“An overview of the NTE is then provided in chapter 4, Winlow and Hall neatly summarising the economic and socio-cultural reasons behind its growth and its attraction to young people. They even suggest that the NTE is now the principal [-p.2055] place of identity construction, lifestyle expression, superficial friendship networks and cathartic release for many alienated, frustrated and isolated workers.” (pp.2054-2055)
“Interestingly, the authors of Violent Night draw our attention to the NTE’s somewhat paradoxical function of having to facilitate ‘controlled disorder’ in order to remain successful.” (p.2055)
“Winlow and Hall’s explanation of prolific violence in the NTE goes far beyond naıve media sensationalisation of simply ‘drunk thugs’…. Instead, the authors regard violence, interestingly, as a habitual ‘doxic’ in this field. In this, habituses are being influenced, created and shaped by the ubiquity of violence in this locale and the ‘specific normalising process’ which operates to create a climate of risk and trepidation amongst its revellers. This leads effectively to the establishment of a ‘hit first or be hurt’ mentality and leaves many, perhaps understandably, in an ‘on-edge’ state of permanent alertness and adrenalin (p.109).” (p.2056)
“They also contend that, for many, violence, retribution and fortitude are intertwined within a complex array of masculine hermeneutical processes, including amongst others the massaging of self-esteem and fulfilling individualised social justice and peer codes of honour. In addition, Winlow and Hall claim that the failure of manufactured hedonism to deliver fully upon its promise of unbridled excitement (offering as it does, only temporary escape from the monotony and harsh realities of everyday life), can often leave great numbers of frustrated, intoxicated bodies, gathered in small hot-spot areas, vying for attention. In such cases, the potential for violence is an ever-present threat. Indeed, worryingly, in their conclusion, the two writers claim that the state’s incessant embracing of neo-liberal values of money-making, marketisation and privatisation is increasingly placing the pursuit of profit above that of public safety (p. 171).” (p.2056)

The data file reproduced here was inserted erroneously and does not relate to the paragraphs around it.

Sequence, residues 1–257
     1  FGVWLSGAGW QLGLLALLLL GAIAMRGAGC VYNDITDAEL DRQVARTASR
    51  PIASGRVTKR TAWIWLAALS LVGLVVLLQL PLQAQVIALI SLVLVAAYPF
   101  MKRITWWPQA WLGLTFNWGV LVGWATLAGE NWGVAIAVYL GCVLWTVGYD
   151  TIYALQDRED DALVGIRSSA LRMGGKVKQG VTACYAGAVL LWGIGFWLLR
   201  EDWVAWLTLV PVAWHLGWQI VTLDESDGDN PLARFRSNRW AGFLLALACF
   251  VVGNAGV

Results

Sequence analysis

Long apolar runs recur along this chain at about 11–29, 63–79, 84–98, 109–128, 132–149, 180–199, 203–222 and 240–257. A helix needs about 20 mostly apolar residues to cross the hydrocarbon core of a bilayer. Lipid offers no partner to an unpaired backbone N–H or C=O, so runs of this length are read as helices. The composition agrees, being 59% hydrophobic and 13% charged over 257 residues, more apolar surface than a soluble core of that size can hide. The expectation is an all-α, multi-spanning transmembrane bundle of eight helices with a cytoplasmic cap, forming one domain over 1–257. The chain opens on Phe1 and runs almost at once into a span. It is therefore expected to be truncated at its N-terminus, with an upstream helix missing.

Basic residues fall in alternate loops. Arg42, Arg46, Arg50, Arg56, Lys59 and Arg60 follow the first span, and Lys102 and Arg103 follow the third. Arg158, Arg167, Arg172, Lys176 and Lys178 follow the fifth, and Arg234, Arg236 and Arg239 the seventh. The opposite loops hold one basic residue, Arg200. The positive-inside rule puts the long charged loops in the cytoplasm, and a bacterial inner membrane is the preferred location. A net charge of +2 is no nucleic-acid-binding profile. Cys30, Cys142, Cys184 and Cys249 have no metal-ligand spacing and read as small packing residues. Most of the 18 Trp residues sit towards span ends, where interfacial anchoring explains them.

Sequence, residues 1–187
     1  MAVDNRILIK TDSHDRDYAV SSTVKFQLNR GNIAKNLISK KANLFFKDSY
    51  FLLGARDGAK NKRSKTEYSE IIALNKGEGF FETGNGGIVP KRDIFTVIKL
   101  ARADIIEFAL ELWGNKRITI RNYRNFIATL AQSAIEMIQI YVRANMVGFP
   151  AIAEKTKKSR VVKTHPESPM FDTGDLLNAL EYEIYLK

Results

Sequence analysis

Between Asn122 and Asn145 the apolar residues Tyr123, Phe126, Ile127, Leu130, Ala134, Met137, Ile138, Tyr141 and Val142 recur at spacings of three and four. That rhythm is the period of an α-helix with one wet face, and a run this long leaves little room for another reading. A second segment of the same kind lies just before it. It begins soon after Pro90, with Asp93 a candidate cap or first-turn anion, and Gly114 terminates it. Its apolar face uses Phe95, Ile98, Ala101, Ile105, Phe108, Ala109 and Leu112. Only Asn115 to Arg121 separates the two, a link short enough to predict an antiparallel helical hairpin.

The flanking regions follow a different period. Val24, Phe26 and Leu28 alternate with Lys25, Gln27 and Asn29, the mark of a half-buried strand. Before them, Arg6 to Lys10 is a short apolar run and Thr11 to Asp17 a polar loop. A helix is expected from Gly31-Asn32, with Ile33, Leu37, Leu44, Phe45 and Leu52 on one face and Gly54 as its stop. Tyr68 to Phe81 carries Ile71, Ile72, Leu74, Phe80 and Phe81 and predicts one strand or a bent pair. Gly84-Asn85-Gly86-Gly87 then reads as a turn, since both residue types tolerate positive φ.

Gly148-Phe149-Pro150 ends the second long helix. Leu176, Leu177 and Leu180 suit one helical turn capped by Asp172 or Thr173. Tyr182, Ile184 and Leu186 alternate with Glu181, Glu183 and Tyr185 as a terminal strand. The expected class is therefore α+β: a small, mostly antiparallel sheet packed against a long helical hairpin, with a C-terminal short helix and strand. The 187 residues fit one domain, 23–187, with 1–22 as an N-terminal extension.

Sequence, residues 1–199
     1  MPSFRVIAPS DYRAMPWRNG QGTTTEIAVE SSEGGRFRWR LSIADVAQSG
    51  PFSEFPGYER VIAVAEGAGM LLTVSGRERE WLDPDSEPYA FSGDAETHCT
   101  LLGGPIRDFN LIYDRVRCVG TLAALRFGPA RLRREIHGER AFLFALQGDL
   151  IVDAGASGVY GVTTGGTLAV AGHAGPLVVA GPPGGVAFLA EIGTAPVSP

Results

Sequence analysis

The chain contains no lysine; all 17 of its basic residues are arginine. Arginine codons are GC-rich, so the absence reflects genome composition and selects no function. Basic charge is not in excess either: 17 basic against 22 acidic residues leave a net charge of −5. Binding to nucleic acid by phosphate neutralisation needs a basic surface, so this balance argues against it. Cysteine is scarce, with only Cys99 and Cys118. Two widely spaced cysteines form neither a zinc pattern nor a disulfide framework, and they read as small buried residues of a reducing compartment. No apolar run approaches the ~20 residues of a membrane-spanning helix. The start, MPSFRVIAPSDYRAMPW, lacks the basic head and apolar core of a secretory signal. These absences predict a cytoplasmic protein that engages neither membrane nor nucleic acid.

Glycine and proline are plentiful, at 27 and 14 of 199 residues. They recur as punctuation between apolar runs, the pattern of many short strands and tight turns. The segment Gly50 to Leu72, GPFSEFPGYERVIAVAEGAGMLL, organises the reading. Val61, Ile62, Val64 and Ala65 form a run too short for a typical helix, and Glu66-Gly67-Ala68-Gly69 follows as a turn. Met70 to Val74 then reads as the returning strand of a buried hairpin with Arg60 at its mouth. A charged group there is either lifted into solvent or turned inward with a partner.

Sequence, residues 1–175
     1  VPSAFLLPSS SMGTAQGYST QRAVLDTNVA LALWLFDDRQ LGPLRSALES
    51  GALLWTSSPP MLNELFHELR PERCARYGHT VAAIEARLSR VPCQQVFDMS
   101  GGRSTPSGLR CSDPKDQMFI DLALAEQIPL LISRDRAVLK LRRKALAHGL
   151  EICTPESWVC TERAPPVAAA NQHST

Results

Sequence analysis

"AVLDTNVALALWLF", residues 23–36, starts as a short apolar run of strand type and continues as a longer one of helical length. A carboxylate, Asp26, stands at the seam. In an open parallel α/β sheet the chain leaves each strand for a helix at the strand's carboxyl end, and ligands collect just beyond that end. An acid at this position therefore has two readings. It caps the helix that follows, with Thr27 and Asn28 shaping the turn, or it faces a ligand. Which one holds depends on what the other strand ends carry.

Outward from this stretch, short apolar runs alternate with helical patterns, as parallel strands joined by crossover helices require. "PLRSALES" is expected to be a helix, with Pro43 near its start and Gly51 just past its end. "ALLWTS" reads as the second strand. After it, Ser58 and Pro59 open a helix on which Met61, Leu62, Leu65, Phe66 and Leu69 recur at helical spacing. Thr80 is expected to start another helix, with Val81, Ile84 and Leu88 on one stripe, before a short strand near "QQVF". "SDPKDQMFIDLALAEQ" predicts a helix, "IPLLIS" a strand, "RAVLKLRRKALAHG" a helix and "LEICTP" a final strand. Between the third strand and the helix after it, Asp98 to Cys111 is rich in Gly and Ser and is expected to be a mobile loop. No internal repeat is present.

Smith sees this work as placing “a valid emphasis on the wider political, cultural and, particularly, socioeconomic forces, perilously shaping the habitus and identities of modern youth and, apparently, influencing their decisions to commit acts of seemingly sporadic violence.” (p.2056)
Note: Smith does point to “an overwhelming focus on young, White, financially constrained men in the study” (p.2056) as well as a couple of other methodological and theoretical flaws. On the whole, it is a very warm review.
Ref: (italics in original, emphases in blue bold, mine) Gavin John Douglas Smith (2007) Book Review: Violent Night: Urban Leisure and Contemporary Culture SIMON WINLOW and STEVE HALL, 2006 Oxford: Berg Publishers Ltd 240 pp. £19.99 paperback ISBN 1845201647 paperback. Urban Studies. 44: 2053-2056